‘Where myth and the quotidian meet and normality founders’ – Boneland by Alan Garner

Like many an Alan Garner fan, I was all a-tremble at the release of the third part of what’s suddenly become the Weirdstone trilogy. Colin and Susan and Cadellin and dwarves and Alderly Edge! If you’re not in the know, the previous two books (The Weirdstone of Brisingamen and The Moon of Gomrath) are set in the Cheshire countryside, around Alderly and Macclesfield, and draw heavily on UK folklore – especially myths local to Cheshire and the North West – to spin a couple of darkly fantastical stories around the misadventures, if that isn’t too flippant a term for these frankly terrifying books, of a pair of preteens and the magical beings they encounter and awaken. They’re kids’ books, sure, but they’re full of evil and death and a dark grandeur that’s both horrific and compelling, that stands up magnificently to rereading as an adult, and that boasts few of the concessions to safety and happy endings that often characterises fiction for a younger audience. Boneland now picks up the story three or four decades later, so that we meet Colin as an adult – and, fittingly, then, this is an adult book, making it a real event for the fans who grew up in Garner’s world and now get the chance to revisit it.

Of course, it’s hardly that simple. Adult Colin is in the middle of a nervous breakdown. An astrophysicist working at Jodrell Bank, he’s obsessively studying the stars in the hope that he’s going to find traces of Susan, his sister who vanished at the age of twelve. Colin has an eidetic memory, but no recollection of his childhood; he knows he’s lost Susan, but doesn’t know how. Whilst by day, he’s working with a therapist trying to regain his equilibrium and his memory, by night he’s a shamanic figure, wandering the Edge and a mystical cave in attempt to hold the very Earth together. The narrative oscillates between these poles: the matter-of-fact business of motorbikes and analysis, and the ancient archetypal underground of wolves and primitive man and magic.

Thematically it’s fascinating, and Garner’s blend of mythic landscapes and technology is compelling. This is the story of a child once part of a magical world and now, not only is he dismissed from it, but it’s taken his sister from him: No wonder adult Colin is having psychological problems. As weird as Boneland is, its unhappiness is the logical fallout for the child banished from Alderly’s underground Eden. But, of course, Garner isn’t whipping the magical carpet out from under us; ever since The Moon of Gomrath, we knew that Susan wasn’t destined to stay on Earth. And where else for Colin to go, but to a radio-telescope and the scientifically accessible wonders of the universe? And the therapeutic process is another site where myth and the quotidian meet and normality founders. The blend of reality and unreality was what made the original two books so strong, and that’s carried on here.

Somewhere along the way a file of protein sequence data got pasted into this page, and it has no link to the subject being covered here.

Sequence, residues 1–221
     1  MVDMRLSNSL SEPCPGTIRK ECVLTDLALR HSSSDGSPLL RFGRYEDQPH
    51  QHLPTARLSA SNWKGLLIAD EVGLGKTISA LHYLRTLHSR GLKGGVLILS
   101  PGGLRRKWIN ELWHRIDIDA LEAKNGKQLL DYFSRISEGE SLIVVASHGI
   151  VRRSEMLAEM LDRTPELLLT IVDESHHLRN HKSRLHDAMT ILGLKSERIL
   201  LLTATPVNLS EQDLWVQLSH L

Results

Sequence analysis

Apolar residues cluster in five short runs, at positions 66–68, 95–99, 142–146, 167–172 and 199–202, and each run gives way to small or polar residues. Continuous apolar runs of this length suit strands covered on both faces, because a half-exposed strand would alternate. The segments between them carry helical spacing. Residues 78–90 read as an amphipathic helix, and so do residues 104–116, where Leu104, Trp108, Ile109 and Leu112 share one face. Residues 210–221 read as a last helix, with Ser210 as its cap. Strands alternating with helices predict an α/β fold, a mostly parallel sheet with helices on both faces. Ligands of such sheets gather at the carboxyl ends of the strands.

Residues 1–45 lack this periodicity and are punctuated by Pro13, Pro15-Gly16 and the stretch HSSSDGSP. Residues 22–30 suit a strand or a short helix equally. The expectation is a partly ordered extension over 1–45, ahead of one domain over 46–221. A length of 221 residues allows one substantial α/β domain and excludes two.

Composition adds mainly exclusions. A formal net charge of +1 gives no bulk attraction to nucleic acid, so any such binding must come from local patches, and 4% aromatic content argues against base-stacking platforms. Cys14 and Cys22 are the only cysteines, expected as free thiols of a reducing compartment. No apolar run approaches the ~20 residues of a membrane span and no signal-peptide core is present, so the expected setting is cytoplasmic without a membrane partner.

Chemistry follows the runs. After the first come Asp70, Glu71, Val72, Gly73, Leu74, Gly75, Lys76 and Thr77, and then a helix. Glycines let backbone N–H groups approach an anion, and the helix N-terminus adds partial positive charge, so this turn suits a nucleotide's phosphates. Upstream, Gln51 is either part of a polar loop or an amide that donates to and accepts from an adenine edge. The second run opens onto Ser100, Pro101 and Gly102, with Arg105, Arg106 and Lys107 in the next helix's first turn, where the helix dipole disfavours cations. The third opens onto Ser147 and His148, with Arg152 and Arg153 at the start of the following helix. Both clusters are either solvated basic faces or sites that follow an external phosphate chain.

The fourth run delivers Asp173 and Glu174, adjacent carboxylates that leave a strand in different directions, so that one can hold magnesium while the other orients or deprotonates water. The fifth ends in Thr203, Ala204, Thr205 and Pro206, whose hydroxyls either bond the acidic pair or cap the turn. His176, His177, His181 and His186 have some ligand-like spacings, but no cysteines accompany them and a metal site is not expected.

But did I like it? The more I mull it over, post-reading, the more I’m impressed by Garner’s intelligence and imagination. Despite my anticipation, I’d been a little wary of middle-aged Colin knocking on Cadellin’s gates and crawling belly-first into a cave of evil-doers; what Garner’s done instead is much more clever and much more interesting. But, as a read, I found it less than satisfactory; the back-and-forth between Colin’s mythic dream-life and his reality felt very drawn-out. The shamanic passages were somewhat inaccessible and the therapy sections were irritating. Colin’s idiosyncrasies and torments felt psychologically accurate, but tiresome to read, and Meg, his therapist (though it gets more complicated than that if you read the book), annoyed me; while Colin works as a portrait of a man destroyed by his very peculiar past, there’s little in his story to sustain a novel-length narrative – even a rather short one, and Meg – who, granted, is playing her own part – reads as little more than a cipher – the hearty, anti-intellectual, Good Will Hunting therapist – while Colin’s emotional issues are played out as Will meets Rain Man, both of which felt lazy and unnecessary.

Any Cop?: As a stand-alone text, unlike the previous two volumes, I’d say Boneland would be fairly inaccessible to the casual reader, but then, it’s unlikely a casual reader will pick it up. As part of the trilogy, it’s not the most satisfying book; but then, again, Garner’s always been enigmatic and resisted neat endings or contained worlds. The best of this book is in its poeticism – the shaman Watcher keeping the world going – but if that’s not for you (and it’s not really for me) it might be best avoided. All that said, though, for fans of the earlier books, it’s worth a read for the sake of completion, and the issues it raises (the futures of magical children, for one) are pretty fascinating. A tricky one.



    • I really enjoyed Boneland. Read it fast on the train. Years since I read anything as good. I read the two earlier books in the trilogy something like 20 years ago. I liked them, but I liked this more.

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